Famine, Fertility and Fortune in China

51 Pages Posted: 18 Sep 2009

See all articles by Xinzheng Shi

Xinzheng Shi

Tsinghua University - School of Economics & Management

Date Written: January 2008

Abstract

In this paper, I investigate the long-term effects of China's Great Famine of 1959-1961 in the context of selective fertility, exploiting the interaction of cohort variation in exposure to the famine and geographic variation in the famine's severity. Using China's 2000 population census data and after controlling for fertility selection due to the famine, I find that women exposed to the famine in the first year of life completed fewer years of schooling, had a lower probability of completing high school, worked fewer days per week, and lived in houses with fewer rooms and less housing area per capita. I do not find significant effects of the famine on men. I also do not find significant effects of experiencing famine in utero or in the second year. In addition, I find that, if positive fertility selection in the famine is not controlled for, the negative effects become weaker. Finally, I provide suggestive evidence showing the existence of negative fertility selection immediately after the famine.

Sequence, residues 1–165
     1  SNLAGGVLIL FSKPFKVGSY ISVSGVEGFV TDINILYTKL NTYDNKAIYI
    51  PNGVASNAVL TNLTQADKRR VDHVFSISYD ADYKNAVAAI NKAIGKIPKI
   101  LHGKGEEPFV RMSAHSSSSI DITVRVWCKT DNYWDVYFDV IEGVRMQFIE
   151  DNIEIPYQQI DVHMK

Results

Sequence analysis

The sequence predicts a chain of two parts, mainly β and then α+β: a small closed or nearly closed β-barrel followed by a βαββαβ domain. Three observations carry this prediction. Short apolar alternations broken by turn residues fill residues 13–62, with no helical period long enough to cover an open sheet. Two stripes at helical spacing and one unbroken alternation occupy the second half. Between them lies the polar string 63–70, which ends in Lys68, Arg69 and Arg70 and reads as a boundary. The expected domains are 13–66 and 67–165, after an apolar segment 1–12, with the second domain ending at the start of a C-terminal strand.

Keywords: education, labor supply, wealth, selective fertility, famine, China

JEL Classification: I21, J13, J22, O12, O15, Q54

Suggested Citation

Shi, Xinzheng, Famine, Fertility and Fortune in China (January 2008). Available at SSRN: https://ssrn.com/abstract=1474072 or http://dx.doi.org/10.2139/ssrn.1474072

Xinzheng Shi (Contact Author)

Tsinghua University - School of Economics & Management ( email )

Beijing, 100084
China

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